Man Cave 

Almost everything about McCormack's says testosterone.


From the outside, McCormack's Whisky Grill & Smokehouse looks innocuous. It's a world apart from some of its more rambunctious neighbors on the popular Robinson Street pub crawl. Closer in feel to the Commercial Taphouse than to Buddy's, Metro Grill or Star-Lite, it's as serious about its whiskey as the Taphouse is about its beer.

Inside, you step into a calm experience, a perfect way to end a hectic weekend on a recent Sunday night. The lights are low, the wood paneling and slate wall accents are soothing, and if a drink is what you need to relax, you've come to the right place. The dAccor says men, with pictures of Elvis and posters from John Wayne films, but interestingly the other patrons are women. The server is friendly and talks about the high points of the 180-plus whiskey selection. If that's not your thing, there is a full bar, but no beer on tap.

We start our meal with an Evan Williams single barrel on the rocks and a Rebel Yell with ginger, sampling a few starters from the small menu. An artichoke dip ($10.95) is dressed up a bit with smoky bacon, and green-bean fries ($6.95) are tasty in the thick batter but definitely not health food, served with a bold garlic aioli.

Entrees include sandwiches, burgers and steaks. The duck breast ($16.95), a nightly special, is tender, moist and adequately gamey. Its cherry demiglace reduction lacks subtlety but the sweetness of the sauce complements the duck's flavor. Mac and cheese is creamy with white and yellow cheddar, blue cheese and parmesan, but what makes it stand out is a nutmeg-laced bAcchamel. Collard greens are overly sweet and vinegary and their consistency makes me wonder if they come straight out of a can. The meatloaf ($13.95) is a flavorful combination of beef, turkey and andouille sausage, juiced up with a rich brown gravy. Our children enjoy a cheeseburger ($8.50) that's cooked to perfection, and while they like the steak-cut fries, I'm disappointed in their lack of crunch.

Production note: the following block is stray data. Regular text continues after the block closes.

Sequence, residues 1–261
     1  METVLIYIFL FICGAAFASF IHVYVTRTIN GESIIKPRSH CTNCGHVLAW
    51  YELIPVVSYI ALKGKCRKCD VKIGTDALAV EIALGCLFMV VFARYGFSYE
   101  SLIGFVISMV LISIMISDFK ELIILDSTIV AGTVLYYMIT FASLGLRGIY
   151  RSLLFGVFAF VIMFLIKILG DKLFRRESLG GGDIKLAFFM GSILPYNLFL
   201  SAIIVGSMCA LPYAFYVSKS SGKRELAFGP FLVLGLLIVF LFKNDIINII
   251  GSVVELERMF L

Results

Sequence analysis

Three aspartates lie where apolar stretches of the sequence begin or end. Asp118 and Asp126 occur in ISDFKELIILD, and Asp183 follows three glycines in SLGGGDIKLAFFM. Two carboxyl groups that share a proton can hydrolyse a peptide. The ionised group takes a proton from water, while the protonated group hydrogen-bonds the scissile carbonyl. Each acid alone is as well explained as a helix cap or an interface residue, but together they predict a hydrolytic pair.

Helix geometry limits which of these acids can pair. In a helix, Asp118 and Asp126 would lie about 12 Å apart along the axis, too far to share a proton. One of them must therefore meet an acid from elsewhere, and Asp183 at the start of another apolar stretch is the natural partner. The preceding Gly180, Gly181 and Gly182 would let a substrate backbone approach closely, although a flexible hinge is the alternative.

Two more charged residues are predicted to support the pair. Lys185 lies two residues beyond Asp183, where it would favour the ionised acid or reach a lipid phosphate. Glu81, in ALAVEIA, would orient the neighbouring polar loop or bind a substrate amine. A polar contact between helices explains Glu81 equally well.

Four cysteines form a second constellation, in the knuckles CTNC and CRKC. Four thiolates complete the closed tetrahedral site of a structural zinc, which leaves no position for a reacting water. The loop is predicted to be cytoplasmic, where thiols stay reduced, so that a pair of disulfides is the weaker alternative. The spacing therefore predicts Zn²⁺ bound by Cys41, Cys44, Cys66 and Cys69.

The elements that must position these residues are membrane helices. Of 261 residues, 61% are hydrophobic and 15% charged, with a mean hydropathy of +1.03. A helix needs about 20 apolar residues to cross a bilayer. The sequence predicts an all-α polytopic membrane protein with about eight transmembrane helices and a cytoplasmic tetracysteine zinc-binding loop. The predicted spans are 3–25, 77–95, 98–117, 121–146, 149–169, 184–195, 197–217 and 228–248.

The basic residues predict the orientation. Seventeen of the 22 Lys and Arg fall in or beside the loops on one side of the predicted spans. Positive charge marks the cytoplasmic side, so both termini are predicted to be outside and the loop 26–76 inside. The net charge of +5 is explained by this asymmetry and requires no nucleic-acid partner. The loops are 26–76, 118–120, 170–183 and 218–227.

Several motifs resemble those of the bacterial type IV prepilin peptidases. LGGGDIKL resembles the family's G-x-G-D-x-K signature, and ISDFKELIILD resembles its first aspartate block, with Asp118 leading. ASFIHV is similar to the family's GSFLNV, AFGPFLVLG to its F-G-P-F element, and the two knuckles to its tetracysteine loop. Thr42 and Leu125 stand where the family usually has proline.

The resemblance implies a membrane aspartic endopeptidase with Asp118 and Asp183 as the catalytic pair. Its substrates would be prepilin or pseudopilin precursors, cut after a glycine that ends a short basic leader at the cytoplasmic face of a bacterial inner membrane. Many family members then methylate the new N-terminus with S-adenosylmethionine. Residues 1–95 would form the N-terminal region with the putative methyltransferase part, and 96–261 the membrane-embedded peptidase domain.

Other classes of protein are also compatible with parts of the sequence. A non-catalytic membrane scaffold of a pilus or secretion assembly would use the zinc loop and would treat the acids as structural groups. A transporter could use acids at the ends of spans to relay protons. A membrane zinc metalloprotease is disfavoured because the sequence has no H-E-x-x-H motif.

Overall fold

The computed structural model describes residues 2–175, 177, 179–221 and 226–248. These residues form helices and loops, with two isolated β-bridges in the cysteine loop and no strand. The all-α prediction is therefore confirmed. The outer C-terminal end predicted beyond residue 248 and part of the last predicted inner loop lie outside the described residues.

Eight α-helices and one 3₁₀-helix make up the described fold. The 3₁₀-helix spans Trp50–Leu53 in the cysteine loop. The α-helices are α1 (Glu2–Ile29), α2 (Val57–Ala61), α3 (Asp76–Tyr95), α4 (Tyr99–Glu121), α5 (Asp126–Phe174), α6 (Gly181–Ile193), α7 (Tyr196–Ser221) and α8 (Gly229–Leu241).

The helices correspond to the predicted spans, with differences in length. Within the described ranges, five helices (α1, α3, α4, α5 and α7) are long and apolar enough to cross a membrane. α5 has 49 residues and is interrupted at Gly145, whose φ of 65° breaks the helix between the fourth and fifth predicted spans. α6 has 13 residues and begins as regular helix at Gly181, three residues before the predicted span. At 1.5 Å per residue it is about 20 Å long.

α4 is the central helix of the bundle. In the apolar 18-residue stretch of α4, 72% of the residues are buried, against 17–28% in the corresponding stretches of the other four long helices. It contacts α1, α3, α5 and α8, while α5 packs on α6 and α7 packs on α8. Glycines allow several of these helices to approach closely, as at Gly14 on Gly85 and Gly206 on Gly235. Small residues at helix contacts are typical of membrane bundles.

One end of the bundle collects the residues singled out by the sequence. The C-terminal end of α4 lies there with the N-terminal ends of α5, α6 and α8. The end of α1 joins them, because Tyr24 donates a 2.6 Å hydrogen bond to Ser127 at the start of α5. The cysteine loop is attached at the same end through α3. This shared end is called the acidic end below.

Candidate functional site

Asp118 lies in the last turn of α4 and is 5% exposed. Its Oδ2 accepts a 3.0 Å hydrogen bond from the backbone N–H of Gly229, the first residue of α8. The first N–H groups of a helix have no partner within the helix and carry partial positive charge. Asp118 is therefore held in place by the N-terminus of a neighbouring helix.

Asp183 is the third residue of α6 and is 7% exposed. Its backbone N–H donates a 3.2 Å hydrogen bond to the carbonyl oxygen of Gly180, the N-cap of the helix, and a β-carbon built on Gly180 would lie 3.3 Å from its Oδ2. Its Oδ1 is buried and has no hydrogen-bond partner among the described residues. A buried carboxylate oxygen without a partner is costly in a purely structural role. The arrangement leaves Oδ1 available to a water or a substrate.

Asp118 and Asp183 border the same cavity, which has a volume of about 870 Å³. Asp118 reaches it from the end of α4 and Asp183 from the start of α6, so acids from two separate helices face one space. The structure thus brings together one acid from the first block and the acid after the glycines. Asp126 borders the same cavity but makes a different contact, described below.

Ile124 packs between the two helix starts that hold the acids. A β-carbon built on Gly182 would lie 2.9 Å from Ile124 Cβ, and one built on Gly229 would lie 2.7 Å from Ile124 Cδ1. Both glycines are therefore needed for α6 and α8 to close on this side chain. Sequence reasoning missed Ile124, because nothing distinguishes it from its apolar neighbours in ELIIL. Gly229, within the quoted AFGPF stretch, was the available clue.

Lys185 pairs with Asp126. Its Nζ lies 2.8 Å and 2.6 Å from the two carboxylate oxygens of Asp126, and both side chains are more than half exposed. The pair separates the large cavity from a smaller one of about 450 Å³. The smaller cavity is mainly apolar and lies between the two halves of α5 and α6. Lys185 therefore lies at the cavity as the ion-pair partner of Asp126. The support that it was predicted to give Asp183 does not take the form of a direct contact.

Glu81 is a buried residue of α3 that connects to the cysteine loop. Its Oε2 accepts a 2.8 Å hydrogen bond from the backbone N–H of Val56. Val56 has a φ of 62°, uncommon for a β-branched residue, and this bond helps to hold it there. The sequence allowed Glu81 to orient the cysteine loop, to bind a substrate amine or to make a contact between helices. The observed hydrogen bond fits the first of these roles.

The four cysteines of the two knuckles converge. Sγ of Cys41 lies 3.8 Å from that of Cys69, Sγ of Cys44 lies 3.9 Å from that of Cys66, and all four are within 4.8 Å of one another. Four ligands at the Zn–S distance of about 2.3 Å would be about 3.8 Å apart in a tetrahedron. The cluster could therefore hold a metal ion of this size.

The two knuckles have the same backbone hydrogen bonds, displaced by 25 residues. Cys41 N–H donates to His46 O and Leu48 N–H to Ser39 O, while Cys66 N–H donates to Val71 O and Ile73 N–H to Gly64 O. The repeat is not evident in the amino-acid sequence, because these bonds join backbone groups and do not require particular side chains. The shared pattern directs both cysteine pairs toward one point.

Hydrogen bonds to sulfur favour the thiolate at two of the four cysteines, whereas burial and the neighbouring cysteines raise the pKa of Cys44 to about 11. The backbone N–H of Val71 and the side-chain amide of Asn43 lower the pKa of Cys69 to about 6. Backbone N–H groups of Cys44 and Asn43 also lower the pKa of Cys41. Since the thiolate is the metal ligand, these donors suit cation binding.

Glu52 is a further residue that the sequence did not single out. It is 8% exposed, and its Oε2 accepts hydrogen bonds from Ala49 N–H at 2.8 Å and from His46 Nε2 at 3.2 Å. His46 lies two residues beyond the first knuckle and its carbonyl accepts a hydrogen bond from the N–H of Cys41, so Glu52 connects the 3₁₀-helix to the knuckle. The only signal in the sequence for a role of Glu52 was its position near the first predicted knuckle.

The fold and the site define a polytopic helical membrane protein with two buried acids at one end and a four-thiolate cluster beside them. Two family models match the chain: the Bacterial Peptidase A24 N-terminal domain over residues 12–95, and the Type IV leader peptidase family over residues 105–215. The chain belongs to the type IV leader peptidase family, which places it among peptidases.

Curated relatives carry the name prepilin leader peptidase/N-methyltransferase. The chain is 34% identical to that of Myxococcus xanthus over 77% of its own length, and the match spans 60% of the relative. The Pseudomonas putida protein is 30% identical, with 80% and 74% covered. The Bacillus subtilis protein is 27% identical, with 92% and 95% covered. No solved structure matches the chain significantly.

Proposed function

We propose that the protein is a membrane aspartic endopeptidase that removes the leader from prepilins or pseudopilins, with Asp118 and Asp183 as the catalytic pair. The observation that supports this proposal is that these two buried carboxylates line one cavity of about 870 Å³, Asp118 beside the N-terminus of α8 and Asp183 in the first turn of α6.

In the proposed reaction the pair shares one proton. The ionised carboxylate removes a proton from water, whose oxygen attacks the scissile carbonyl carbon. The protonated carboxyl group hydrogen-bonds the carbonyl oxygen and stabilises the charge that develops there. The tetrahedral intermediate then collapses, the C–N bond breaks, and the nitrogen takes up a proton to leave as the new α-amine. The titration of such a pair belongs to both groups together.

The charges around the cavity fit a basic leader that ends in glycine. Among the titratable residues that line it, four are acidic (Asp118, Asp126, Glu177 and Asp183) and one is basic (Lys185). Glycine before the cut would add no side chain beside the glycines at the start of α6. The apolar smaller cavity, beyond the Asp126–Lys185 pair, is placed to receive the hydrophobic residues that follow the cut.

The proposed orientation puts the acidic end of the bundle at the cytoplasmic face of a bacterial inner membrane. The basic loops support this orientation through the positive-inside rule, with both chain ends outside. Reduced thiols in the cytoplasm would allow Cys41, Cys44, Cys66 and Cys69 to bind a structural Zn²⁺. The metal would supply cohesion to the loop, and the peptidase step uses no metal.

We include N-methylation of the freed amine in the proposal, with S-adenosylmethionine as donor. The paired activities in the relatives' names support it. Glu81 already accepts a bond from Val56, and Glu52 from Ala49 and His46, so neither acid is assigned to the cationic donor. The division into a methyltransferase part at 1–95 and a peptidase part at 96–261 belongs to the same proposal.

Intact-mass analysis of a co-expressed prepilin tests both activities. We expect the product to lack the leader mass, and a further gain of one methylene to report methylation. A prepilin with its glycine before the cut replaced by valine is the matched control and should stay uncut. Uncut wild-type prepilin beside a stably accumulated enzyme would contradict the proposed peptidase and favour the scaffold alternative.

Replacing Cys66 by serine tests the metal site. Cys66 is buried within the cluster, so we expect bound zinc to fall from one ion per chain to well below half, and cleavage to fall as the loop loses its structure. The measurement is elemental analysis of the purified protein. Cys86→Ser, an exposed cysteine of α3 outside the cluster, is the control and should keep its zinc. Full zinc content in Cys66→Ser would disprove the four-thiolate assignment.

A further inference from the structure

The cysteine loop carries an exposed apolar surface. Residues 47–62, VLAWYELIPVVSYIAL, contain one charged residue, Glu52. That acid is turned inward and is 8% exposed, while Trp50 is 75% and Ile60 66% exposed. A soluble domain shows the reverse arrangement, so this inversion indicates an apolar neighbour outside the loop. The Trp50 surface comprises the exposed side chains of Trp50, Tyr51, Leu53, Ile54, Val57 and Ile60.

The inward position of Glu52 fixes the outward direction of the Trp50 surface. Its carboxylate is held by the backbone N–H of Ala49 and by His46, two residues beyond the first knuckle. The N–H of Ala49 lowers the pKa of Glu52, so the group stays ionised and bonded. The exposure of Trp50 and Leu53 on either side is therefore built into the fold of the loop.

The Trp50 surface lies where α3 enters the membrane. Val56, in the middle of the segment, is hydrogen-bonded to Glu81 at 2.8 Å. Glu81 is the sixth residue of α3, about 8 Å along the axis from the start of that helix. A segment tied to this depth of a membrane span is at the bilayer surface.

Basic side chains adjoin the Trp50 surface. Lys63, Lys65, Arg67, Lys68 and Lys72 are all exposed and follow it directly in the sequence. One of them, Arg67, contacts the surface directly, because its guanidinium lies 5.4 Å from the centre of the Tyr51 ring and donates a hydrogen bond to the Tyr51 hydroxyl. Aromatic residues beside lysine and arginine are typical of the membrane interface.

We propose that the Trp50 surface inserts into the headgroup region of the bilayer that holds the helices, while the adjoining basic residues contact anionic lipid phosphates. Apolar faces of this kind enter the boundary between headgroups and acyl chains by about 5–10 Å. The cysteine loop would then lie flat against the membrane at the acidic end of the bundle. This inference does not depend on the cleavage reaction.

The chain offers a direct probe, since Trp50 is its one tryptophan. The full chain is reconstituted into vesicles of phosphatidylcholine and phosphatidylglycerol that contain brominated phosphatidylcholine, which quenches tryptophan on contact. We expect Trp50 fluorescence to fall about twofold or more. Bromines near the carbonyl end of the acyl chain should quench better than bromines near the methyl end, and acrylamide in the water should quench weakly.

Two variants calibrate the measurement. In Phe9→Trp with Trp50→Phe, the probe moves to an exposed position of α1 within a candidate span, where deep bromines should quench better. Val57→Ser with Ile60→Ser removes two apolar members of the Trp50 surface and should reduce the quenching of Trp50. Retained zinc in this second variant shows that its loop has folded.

Desserts are fresh: A layered key lime pie brings a sweet pucker and is accompanied by a berry sorbet. Mexican chocolate cake is dense, not quite moist, accented with cinnamon and served with vanilla bean ice cream.

My second visit starts strangely at 5:30 on a Monday night. The bartender never shows up but my experience is better for the substitute: Mac McCormack, the owner. You won't find a nicer guy in a Richmond bar. He spins yarns of his restaurant experience and his philosophy for the bar. It doesn't have a phone. He wants it to be a neighborhood place you need to patronize. It doesn't take credit cards — a stand against the man and a hopeful buffer against some of the more typical Robinson Street bargoers. McCormack earnestly wants a more sophisticated atmosphere for clients to revel in peace, drinking some of the best whiskey selections the city has to offer, and eating substantial food from his Buckhead's-pedigreed chef.

Mac recommends a moderately priced, small-batch Sam Houston whiskey. Its rich and tangy flavors acquire spice from aging in heavily charred casks. My friend Peter drinks an Ardbeg scotch, redolent with smoke and peat. 

The dinner special is exceptional. Squash and spinach enchiladas ($12.95) are studded with corn and topped with a complex and spicy tequila sauce. Sauteed snap peas and asparagus taste like spring. We also sample the house-smoked barbecue ($9.95) that's cooked until tender and more savory than sweet. A side of baked beans is elevated to a higher plane with smoky bacon and a touch of brown sugar. 

With more than 10 years logged at his Shockoe Bottom pub, Mac McCormack is a veteran of the local bar scene. His experience shows in his handcrafted new Fan venture, where in addition to whiskey, he pours a bit of his heart and soul.

McCormack's Whisky Grill & Smokehouse
204 Robinson St.
Daily 5:30 p.m.-2 a.m.
Lunch hours coming soon
No phone or Web site
Cash only


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